The Abraham Accords have the potential to expand to other Arab countries and bring lasting peace in the Middle East, President Donald Trump and leaders from Israel, the United Arab Emirates, and Bahrain said Tuesday at a signing ceremony on the South Lawn of the White House. 

“This day is a pivot of history. It heralds a new dawn of peace,” Israeli Prime Minister Benjamin Netanyahu said before signing the agreements for peace and trade with the UAE and Bahrain. 

Netanyahu noted:

For thousands of years, the Jewish people have prayed for peace. For decades, the Jewish state has prayed for peace. That is why today we are filled with such gratitude.

The Israeli leader later predicted that “because this peace will eventually expand to include other Arab states … ultimately, it can end the Arab-Israeli conflict once and for all.”

None of the countries that signed the agreement is in conflict currently, but the UAE and Bahrain previously resisted recognizing Israel as they pushed for a Palestinian state. 

The leaders suggested more countries would come on board, and expanding relations between Israel and Arab states has the potential to pressure the Palestinian Authority leadership to come to the table for realistic negotiations.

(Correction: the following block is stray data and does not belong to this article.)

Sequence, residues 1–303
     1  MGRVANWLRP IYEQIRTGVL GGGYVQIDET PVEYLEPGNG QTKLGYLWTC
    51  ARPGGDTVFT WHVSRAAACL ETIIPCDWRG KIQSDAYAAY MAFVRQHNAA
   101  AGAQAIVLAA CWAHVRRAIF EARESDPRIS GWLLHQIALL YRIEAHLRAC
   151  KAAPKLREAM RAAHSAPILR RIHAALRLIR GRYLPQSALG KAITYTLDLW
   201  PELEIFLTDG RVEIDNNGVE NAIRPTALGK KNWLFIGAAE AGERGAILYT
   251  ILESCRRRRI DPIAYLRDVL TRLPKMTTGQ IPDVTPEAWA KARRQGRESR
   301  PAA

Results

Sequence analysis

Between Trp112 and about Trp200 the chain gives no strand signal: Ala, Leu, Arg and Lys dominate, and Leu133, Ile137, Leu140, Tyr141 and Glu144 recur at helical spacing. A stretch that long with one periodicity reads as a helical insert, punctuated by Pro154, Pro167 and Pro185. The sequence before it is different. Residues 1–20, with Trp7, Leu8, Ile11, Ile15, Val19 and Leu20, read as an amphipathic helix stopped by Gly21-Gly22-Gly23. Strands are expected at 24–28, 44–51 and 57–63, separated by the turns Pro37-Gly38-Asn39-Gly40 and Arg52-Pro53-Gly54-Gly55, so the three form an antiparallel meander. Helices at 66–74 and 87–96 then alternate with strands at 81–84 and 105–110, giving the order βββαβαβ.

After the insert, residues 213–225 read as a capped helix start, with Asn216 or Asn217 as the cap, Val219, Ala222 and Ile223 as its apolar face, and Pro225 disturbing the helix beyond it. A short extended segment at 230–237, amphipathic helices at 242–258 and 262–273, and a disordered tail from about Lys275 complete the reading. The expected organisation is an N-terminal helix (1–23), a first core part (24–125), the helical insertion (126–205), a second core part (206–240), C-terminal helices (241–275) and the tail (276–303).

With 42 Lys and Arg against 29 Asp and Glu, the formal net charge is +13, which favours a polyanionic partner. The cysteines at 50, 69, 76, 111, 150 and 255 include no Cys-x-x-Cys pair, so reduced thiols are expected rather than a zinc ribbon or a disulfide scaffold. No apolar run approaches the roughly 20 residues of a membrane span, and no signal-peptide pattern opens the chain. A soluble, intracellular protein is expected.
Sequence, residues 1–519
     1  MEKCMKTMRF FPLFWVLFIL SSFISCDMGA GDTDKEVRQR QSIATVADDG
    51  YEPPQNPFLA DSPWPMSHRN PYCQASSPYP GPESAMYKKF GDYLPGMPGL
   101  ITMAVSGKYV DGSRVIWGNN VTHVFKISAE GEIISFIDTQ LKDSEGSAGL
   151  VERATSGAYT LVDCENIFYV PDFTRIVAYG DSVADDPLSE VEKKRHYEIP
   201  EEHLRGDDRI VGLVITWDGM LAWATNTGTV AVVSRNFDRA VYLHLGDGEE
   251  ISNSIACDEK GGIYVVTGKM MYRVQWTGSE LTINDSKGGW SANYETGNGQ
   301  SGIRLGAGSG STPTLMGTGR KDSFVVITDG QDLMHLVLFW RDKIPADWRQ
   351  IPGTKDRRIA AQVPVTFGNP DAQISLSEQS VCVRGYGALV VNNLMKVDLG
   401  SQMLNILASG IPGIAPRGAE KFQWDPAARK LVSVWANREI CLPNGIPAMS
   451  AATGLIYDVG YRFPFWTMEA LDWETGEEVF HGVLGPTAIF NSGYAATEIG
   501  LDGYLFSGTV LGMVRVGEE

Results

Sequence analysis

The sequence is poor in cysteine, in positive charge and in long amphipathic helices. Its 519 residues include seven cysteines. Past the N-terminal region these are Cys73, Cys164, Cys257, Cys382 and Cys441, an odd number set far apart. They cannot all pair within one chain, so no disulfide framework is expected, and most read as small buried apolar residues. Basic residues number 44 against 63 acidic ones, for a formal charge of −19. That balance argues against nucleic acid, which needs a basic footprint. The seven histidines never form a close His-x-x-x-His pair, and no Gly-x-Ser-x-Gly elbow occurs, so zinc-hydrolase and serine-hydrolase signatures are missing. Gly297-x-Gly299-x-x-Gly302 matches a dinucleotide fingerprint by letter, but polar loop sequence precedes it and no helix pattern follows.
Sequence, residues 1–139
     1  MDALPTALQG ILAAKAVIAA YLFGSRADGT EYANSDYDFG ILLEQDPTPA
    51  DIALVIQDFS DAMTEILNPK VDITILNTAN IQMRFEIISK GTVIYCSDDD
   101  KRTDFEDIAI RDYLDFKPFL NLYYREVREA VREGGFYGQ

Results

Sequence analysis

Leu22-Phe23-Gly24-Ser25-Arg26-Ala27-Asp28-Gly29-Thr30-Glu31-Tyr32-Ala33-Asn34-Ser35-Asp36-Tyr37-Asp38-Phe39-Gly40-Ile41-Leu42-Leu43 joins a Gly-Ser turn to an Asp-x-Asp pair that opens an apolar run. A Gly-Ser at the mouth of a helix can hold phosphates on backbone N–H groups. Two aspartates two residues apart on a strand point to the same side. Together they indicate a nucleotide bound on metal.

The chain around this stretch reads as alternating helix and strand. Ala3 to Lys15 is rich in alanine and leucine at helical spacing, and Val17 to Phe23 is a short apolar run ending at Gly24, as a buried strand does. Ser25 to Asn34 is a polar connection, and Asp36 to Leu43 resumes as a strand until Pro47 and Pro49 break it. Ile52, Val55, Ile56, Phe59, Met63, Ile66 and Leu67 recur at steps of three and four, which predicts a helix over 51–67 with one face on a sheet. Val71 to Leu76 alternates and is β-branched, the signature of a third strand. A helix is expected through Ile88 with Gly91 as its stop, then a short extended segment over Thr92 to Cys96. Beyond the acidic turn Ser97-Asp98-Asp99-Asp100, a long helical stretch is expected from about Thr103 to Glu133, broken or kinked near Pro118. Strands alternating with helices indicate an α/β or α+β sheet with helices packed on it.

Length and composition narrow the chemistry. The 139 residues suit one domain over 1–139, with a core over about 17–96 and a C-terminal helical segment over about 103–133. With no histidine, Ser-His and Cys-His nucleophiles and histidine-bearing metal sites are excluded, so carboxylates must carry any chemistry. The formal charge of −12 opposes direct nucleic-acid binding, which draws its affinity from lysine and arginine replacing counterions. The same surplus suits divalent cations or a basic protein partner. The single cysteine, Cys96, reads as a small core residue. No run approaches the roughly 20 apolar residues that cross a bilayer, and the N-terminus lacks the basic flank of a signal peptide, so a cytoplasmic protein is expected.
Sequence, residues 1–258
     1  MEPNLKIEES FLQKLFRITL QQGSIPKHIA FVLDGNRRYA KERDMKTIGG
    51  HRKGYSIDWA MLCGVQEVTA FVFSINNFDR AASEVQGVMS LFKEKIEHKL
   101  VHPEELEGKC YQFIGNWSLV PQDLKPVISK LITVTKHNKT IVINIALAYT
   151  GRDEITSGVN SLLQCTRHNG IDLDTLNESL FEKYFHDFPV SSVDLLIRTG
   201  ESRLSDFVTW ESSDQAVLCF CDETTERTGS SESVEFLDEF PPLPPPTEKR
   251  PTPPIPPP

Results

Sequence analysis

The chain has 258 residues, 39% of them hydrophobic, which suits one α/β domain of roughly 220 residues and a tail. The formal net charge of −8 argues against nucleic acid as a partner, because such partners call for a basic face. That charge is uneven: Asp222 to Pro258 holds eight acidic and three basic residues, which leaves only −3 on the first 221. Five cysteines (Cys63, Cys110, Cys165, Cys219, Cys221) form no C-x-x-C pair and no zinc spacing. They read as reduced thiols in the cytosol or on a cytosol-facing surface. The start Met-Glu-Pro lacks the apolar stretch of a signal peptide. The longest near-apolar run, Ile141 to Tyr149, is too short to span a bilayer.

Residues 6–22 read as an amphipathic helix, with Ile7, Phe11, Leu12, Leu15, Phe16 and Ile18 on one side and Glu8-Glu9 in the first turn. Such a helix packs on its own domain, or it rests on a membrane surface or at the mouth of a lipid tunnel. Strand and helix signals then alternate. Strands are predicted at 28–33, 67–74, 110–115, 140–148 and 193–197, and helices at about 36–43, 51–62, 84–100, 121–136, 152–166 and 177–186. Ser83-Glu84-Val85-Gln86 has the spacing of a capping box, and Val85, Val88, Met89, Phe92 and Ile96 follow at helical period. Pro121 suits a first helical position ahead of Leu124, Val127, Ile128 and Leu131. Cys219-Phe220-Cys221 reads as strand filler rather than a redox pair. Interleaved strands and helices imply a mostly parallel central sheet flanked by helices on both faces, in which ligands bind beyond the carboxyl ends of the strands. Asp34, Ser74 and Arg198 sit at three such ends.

Trump also embraced the historic nature of the moment and has touted it as a major foreign policy achievement. 

“These agreements prove that the nations of the region are breaking free from the failed approaches of the past,” the president said, adding:

Today’s signing sets history on a new course, and there will be other countries very, very soon that will follow these great leaders.

The peace deal prompted Christian Tybring-Gjedde, a member of the Norwegian parliament, to nominate Trump for a Nobel Peace Prize.

The UAE’s foreign minister, Abdullah bin Zayed bin Sultan Al Nahyan, called the agreement a “new trend that will create a better path for the Middle East.”

“This peace accord—which is a historic achievement for the United States of America, the state of Israel, and the United Arab Emirates—will continue to have a positive impact, as we believe that its reverberations will be reflected on the entire region,” he said, later adding:

Every option other than peace would signify destruction, poverty, and human suffering.

Bahraini Foreign Minister Abdullatif bin Rashid Al Zayani called the occasion “a moment of hope and opportunity for all the peoples of the Middle East, and in particular for the millions in our younger generation,” adding:

For too long, the Middle East has been set back by conflict and mistrust, causing untold destruction and thwarting generations of the potential of our best and brightest young people.

Now, I am convinced that we have the opportunity to change that.